Over the last several years in Philadelphia, we have witnessed the erection of the first monument to a Black man in our city, abolitionist Octavius Catto; the first mural to a legal and civic giant, A. Leon Higginbotham, Jr.; a community effort to rename a street from Taney — named for the Supreme Court justice who wrote the Dred Scott decision — for Caroline LeCount, Philly’s own Rosa Parks; and a school renamed from racist president Andrew Jackson to former slave-turned-educator Fanny Coppin Jackson.
Like these people, to me, the All Stars are the everyday folks who are doing the heavy lifting for their race and culture: Teachers, sanitation workers, people who work the traffic lights and run nurseries — both for kids and for your grass — the people who are clerks in local stores. They are the preachers who reach masses of people on a daily basis; the writers whose praises don’t get as well-sung as they should; the social activists who are out there trying to make a better life for us even when we don’t understand what’s at stake.
These are the people Dr. Martin Luther King, Jr., referred to as the “ground crew without whose labor and sacrifices the jet flights to freedom could never have left the earth.”
Philadelphia native Harold Delaney is best known for his work on the Manhattan Project, but he was prolific in the fields of science and education.
Delaney received both his bachelor’s and master’s degrees in chemistry from Howard University, publishing multiple works in prestigious scientific journals, including the Journal of Organic Chemistry, throughout his academic career. He was a chemist for the Manhattan project, which led to the creation of the atomic bomb through the University of Chicago’s Metallurgical “Met” Laboratory. After his time at UChicago ended in 1945, Delaney worked as an assistant professor of chemistry at North Carolina Agricultural & Technical University in Greensboro, North Carolina, and was a teacher and dean at Baltimore’s Morgan State University.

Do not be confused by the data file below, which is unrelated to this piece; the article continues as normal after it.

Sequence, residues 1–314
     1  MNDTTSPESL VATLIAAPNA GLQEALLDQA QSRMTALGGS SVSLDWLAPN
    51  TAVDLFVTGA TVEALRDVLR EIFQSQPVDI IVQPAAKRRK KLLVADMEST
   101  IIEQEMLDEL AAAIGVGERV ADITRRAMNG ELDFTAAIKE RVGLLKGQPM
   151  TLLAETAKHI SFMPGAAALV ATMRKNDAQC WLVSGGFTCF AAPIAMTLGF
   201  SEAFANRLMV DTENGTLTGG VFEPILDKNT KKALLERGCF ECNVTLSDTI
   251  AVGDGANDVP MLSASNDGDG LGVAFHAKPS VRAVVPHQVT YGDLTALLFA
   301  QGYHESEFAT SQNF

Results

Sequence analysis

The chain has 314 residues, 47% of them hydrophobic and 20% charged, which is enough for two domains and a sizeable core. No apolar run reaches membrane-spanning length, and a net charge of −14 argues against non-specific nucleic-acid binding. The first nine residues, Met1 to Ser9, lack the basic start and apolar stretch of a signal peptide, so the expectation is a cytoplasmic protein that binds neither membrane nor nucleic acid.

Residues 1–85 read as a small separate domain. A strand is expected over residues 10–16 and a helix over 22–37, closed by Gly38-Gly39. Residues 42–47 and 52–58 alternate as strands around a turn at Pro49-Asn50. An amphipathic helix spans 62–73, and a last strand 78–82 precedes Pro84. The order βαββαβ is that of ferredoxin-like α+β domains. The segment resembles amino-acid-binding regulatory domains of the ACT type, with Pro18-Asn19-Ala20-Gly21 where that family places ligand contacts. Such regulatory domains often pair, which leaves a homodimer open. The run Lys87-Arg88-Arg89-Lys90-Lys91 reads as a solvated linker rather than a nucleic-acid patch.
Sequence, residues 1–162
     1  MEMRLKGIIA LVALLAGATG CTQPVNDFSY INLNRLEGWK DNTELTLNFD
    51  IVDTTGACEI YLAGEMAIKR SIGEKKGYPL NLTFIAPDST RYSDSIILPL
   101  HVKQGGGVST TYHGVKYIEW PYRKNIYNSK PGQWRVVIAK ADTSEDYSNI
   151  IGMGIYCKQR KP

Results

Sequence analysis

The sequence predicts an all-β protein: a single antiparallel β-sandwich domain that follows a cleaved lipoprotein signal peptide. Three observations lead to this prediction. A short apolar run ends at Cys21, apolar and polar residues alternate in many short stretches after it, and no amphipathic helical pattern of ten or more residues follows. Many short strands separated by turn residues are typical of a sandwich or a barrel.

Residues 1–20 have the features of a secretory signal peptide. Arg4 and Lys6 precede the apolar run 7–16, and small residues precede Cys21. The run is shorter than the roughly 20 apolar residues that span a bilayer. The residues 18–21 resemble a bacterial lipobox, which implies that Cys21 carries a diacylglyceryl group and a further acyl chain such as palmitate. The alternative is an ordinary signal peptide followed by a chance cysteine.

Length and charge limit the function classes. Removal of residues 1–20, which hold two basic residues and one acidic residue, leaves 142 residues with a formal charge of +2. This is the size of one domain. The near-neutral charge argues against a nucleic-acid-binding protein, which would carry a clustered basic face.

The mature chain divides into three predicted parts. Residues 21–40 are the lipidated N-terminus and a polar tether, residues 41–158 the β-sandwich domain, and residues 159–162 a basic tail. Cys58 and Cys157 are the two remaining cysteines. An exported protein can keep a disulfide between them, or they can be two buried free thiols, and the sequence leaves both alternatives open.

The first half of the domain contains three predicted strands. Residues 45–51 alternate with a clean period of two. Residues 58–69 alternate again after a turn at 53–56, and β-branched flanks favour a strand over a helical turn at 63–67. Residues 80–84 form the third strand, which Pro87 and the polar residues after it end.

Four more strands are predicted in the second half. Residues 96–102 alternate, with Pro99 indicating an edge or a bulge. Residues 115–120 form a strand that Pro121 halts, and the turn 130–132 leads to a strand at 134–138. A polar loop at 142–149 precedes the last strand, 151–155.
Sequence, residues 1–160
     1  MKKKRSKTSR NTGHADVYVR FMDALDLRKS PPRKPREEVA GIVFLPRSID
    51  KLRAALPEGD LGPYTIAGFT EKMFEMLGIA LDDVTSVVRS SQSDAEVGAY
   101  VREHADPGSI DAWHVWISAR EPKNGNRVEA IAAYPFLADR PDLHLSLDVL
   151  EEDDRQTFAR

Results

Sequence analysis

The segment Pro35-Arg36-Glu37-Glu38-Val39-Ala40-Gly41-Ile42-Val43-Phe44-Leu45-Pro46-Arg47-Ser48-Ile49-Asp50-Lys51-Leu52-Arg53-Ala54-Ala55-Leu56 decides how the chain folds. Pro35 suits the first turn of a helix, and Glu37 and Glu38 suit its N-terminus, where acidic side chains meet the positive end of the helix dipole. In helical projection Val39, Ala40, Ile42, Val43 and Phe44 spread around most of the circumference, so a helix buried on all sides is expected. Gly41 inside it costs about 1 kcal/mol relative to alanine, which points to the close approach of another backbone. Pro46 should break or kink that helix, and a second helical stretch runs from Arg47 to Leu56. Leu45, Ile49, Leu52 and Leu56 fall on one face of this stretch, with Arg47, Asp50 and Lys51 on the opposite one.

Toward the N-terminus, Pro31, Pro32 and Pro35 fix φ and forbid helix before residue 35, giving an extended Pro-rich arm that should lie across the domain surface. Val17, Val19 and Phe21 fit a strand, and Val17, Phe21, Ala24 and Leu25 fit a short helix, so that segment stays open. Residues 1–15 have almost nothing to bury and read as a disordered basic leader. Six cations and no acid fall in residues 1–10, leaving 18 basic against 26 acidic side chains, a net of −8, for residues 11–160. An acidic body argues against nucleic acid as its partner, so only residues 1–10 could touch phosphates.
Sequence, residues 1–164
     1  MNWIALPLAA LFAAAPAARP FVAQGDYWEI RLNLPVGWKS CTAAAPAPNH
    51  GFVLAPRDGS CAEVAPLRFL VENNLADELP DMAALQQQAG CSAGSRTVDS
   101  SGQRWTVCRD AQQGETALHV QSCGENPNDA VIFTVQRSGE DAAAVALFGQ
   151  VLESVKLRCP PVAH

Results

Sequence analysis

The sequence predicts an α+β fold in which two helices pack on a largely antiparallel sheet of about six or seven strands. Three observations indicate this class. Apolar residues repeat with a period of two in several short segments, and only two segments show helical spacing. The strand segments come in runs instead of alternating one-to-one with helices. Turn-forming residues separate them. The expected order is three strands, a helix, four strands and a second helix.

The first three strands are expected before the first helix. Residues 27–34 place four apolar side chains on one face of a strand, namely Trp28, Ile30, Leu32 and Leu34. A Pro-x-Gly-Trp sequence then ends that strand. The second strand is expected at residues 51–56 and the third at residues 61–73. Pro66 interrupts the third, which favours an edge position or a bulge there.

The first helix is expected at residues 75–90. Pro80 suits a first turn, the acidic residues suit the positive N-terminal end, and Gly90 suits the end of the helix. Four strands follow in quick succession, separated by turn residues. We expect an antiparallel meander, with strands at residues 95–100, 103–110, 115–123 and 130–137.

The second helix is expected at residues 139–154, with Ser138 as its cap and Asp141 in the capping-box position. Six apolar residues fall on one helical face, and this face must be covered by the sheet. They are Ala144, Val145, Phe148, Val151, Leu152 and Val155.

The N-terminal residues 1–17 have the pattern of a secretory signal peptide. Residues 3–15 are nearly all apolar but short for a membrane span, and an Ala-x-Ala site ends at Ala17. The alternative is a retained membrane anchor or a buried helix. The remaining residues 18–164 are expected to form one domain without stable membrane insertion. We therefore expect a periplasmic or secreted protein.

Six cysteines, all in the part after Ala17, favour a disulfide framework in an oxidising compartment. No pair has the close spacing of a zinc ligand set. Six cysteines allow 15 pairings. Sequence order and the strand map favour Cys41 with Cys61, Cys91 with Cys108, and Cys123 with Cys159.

Delaney later served as the president of Manhattanville College in New York and as interim president for Chicago State and Bowie State universities.
- First male president of all womens Manhattanville College
- Vice president of American Association of State Colleges
- One of first graduate students to get a PhD in chemistry at Howard University
Final word: “As an evaluator, he was (like he was virtually in all relationships) sympathetic to and understanding of what it was like to be in someone else’s situation, full of wisdom about challenges in higher education and about how they might be addressed—a careful, caring listener and sage adviser,” said Catherine Gira, president emerita of Frostville State University.
Reporting by Aly Kerrigan and Ethan Young.